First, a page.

* Mulls to buy unhedged foreign bonds when yen strengthens
* No plan to buy JGBs, sees current yields too unattractive
* To continue selling Japanese stocks for risk control (Adds detail, more comments)
By Tomo Uetake
TOKYO, Oct 26 (Reuters) - Japan’s Dai-ichi Life Insurance will consider buying foreign bonds without currency hedging when the dollar weakens below 112 yen, senior executives said on Friday.
The dollar last traded at 112.20 yen. Although the insurer sees little upside for the dollar from the current level, it does not anticipate a sharp fall in the dollar below 105 yen during the period, they said.
Dai-ichi Life is Japan’s second-largest private life insurer and the core firm of Dai-ichi Life Holdings, with 37 trillion yen ($330 billion) of assets under its management.
As hedging costs on dollar bonds have risen and are seen remaining high, Dai-ichi expects its currency-hedged foreign bond holdings to likely fall in the six months to March 2019, Kazuyuki Shigemoto, general manager of investment planning, told reporters.
The three-month hedging cost shot up in late September to around an annualised 3.30 percent, more than the current 10-year U.S. Treasuries yield of around 3.10 percent.
Within the hedging foreign debt space, Dai-ichi looks for a rotation from U.S. Treasuries into European bonds, for which Japanese investors can earn premium, and high-yielding Australian and New Zealand bonds.
Market players closely watch Japanese investors’ stance on foreign bonds and currencies. They have bought foreign bonds aggressively in recent years as an alternative to low-yielding domestic debt, including Japanese government bonds.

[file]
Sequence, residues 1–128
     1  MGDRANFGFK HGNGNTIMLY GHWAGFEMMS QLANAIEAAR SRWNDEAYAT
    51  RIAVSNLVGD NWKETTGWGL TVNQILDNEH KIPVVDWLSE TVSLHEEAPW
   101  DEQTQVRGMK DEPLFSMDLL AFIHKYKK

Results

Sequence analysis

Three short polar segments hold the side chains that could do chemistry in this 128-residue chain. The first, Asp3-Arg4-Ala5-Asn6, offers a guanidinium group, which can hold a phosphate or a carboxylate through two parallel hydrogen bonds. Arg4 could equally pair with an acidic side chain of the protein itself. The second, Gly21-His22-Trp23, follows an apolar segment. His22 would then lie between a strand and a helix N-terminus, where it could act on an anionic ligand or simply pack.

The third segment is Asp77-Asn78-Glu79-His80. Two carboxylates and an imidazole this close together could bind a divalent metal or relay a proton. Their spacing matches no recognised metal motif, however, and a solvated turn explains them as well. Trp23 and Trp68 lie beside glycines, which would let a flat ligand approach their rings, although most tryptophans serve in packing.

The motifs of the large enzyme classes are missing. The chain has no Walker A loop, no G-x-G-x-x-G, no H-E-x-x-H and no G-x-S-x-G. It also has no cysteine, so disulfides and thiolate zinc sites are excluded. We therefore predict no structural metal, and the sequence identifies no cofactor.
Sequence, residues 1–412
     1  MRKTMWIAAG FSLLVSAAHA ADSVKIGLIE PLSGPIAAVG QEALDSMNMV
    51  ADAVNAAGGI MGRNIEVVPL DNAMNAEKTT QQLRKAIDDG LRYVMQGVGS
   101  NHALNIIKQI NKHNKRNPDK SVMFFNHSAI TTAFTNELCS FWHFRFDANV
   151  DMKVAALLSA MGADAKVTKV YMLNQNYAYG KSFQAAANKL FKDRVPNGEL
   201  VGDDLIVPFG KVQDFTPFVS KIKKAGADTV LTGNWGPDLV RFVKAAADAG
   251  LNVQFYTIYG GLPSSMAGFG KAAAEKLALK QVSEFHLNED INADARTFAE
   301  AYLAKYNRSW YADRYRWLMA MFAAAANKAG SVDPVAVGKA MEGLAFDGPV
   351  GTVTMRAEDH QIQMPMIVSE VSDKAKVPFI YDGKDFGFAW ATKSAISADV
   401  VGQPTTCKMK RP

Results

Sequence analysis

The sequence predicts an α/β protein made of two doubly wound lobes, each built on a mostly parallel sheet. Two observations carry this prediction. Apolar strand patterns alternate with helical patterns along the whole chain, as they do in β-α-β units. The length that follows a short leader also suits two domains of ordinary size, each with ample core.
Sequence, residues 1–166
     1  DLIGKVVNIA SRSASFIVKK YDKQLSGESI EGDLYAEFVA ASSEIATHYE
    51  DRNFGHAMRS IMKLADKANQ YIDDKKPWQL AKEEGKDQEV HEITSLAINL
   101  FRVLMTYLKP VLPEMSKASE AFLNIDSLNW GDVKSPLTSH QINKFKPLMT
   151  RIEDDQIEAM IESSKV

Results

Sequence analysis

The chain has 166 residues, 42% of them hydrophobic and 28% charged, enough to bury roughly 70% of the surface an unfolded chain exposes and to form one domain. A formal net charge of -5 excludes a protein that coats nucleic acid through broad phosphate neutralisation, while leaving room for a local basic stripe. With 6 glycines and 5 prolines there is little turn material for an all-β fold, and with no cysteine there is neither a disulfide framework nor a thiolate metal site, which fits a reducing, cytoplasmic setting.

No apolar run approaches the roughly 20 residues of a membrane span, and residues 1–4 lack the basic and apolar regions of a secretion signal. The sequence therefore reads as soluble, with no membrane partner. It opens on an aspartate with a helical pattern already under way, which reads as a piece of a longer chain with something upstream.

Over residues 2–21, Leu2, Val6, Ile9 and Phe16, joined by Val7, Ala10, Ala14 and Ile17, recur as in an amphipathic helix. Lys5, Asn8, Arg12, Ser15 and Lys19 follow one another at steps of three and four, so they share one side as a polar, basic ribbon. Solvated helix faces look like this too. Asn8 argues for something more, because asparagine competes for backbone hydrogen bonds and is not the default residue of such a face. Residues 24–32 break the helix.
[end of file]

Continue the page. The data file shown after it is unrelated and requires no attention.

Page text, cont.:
Dai-ichi added its domestic bond holdings are likely to fall further in the October-March period as the insurer expect their yield remain low.
“We don’t see super-long JGBs as our realistic investment options for now. The 20-year yield around 0.6 percent and the 30-year around 0.9 percent are way too unattractive for us,” Shigemoto told reporters.
But Dai-ichi also thinks an economic downturn is looming on the horizon of the U.S. economy.
“U.S. enonomy has been at full employment for 22 months already. From past records, we think a recession is possible in about a year or two,” said Shigemoto.
With an eye on that, Dai-ichi plans to reduce its holdings of domestic stocks in the six months through March.
“The stocks have been sold heavily recently but when they bounce back, we plan to sell and lock in profits for risk control reasons,” he added.
Dai-ichi also plans to continue adding alternative assets, including hedge funds, private equities and real estates. ($1 = 112.20 yen) (Reporting by Tomo Uetake; Editing by Chris Gallagher and Gopakumar Warrier)